An athlete’s foot, called tinea pedis, is a contagious skin infection that’s very common in the United States, with an average of three million new cases reported to a foot doctor every year. It spreads easily in damp conditions like locker rooms, thus the name “athlete’s foot.” The athlete’s foot is typically visible as circular white scales on the bottom of the foot and wet skin between the toes. Many people attempt to treat athletes’ feet themselves, but our Podiatrists, top New York foot doctors, are recommended to ensure successful treatment.
Athlete’s foot derives from the very same fungus that causes jock itch and ringworm. This condition is caused by a fungus that favors warm and moist conditions such as those found in locker rooms, pools, and gyms. Even a tiny flake of infected skin that drops off someone’s foot can spread to you. A leading podiatrist in NYC recommends wearing shoes in all public places. The disease spreads quickly by:
- Direct skin-to-skin contact;
- Contact with the fungus on a damp floor;
- Using a person’s towel who has the infection;
- Sharing shoes;
- Sweaty feet that come into contact with the germs.
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Signs and Symptoms
The most common symptoms patients report to their podiatry doctor include:
- Dry, scaly skin, often between your toes;
- Burning and itching sensations;
- Peeling skin;
- Swelling and inflammation;
- Cracked skin;
- Itching that worsens when you take off your socks;
- Rash that won’t respond to self-care;
If you are experiencing any of these symptoms, you should consult with a foot doctor as other health professionals commonly misdiagnose an athlete’s foot. This is because several conditions have similar symptoms, including:
- Allergic reactions;
- Dry skin.
If you are not treated by a qualified professional such as an NYC podiatrist, you are at risk for more serious complications such as:
- Bacterial infection;
- Spreading infection to others;
- Infection causing loss of foot in immunocompromised individuals such as those with diabetes;
- Toenail problems. If the fungus gets underneath your toenails, it can cause them to get discolored, crumbly, and broken. The nail bed also can become inflamed and swollen, causing significant pain;
- Blood infection – The infection can spread to your blood and lead to organ shut down;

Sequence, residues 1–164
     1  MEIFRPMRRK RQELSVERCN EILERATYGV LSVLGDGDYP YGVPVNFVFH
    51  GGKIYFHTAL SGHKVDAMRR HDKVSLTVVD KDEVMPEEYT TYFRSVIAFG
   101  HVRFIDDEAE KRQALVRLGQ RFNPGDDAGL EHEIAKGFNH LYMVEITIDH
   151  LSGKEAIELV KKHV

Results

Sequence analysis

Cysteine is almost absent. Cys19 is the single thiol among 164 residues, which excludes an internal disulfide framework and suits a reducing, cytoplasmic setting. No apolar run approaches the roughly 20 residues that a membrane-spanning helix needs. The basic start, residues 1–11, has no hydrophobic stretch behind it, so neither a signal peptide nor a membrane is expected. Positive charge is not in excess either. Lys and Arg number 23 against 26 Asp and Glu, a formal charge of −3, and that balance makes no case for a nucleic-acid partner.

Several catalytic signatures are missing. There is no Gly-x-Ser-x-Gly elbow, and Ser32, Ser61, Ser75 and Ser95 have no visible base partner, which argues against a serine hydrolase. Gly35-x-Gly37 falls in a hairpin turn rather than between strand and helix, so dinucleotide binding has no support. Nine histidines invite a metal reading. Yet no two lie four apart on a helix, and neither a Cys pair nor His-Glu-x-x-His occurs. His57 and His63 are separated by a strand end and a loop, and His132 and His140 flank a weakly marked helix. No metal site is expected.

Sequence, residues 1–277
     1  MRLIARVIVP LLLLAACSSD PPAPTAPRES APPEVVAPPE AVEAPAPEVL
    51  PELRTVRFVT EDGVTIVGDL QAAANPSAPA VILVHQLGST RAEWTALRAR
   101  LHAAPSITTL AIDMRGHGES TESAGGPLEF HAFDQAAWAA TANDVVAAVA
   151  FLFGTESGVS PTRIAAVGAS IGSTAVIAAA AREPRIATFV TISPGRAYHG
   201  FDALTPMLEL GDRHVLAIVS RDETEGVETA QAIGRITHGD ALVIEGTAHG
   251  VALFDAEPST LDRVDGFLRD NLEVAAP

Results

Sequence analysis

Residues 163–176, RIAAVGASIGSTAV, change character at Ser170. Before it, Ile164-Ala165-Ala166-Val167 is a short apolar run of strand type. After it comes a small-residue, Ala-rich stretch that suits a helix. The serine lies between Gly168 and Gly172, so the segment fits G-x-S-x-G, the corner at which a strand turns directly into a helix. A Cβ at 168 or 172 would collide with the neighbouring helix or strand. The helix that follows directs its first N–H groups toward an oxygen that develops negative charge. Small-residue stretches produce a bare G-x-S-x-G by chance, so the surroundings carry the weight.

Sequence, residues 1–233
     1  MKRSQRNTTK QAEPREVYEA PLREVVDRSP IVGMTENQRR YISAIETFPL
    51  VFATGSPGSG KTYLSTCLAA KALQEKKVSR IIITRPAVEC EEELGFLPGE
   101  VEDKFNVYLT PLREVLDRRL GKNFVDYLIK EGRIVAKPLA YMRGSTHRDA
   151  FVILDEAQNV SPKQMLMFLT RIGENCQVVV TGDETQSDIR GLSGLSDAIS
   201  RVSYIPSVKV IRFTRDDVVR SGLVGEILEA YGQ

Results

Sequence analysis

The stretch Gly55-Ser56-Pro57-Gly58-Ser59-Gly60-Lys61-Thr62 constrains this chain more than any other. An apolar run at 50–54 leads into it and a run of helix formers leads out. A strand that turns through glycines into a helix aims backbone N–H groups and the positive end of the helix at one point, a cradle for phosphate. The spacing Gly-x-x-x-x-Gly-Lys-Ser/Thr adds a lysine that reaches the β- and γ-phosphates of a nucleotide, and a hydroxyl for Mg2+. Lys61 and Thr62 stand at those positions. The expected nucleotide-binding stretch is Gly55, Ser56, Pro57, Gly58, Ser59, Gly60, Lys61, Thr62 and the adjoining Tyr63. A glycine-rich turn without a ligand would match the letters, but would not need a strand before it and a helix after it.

- Jock itch.
Foot doctor and leading podiatrist in NYC typically sees the condition in:
- People who walk barefoot in public places;
- Athletes who share shower stalls and changing areas;
- Those who wear tight socks and shoes for long hours;
- People who share shoes or clothes;
- Those who share towels and linens;
Diagnosis and Treatment
For a mild case of athlete’s foot, your podiatrist may encourage you to use a topical treatment such as a prescription cream. Antifungal pills designed to treat the infection are effective for more severe cases. A podiatrist can often tell that you have developed an athlete’s foot just by examining the appearance of your foot. Remember to tell your foot specialist about any instances where you may have been exposed to the fungus. With examination and knowledge of your recent history, your foot specialist should be able to tell you what treatment protocol you need. Your podiatry doctor may take small scrapings of skin from your infected area to send to a laboratory for testing to confirm the diagnosis.
Several measures can reduce the risk of athletes’ feet. Your New York podiatrist recommends:
- Cleanliness: Change your socks regularly — twice a day if your feet sweat profusely.
- Protection: Cover your feet in public; use shower slippers or waterproof shoes at public pools, showers, and locker rooms at all times.
- Dryness: Dry your feet thoroughly. Foot doctors say this is the one step that many people forget. Take the time to dry between your toes after bathing.
- Ventilation: Wear shoes that are well ventilated. Stay away from shoes that are are rubber and vinyl — they don’t breathe.
- Powder: Apply anti-fungal powder to your feet, especially if you’re susceptible to foot problems.
- Variety: Alternate your shoes; don’t wear the same shoes every day, especially for athletic events.
- Sharing: Avoid sharing shoes or socks with anyone, whether you know them or not; sometimes, people don’t even know when they have the early signs of an athlete’s foot.
- Sterilize: Use a shoe sterilizer like Lysol if you spend a lot of time in locker rooms.
- Regular checkups: Visit a podiatrist in NYC regularly if you tend to get an athlete’s foot so that they can catch it in the earliest stages when it’s easier to treat.
All symptoms should always be evaluated with a thorough consultation and examination by your podiatrist for an accurate diagnosis and treatment plan to exclude any underlying serious condition.
Important Reminder: This information is only intended to provide guidance, not definitive medical advice. Please consult a foot doctor about your specific condition. Only a trained, experienced podiatrist or foot specialist can determine an accurate diagnosis and proper treatment.
Do you have any questions about Athlete’s Foot prevention or treatment? Would you like to schedule an appointment with an internationally recognized, top NYC Podiatrist and foot doctor? Please contact our Manhattan podiatry practice for a consultation.
(212) 389-1886 Manhattan Foot Specialists (Midtown) 51 East 25th Street, Ste 451, NY 10010
(212) 389-9918 Manhattan Foot Specialists (Union Square) 55 W 17th St Ste 106, NY 10011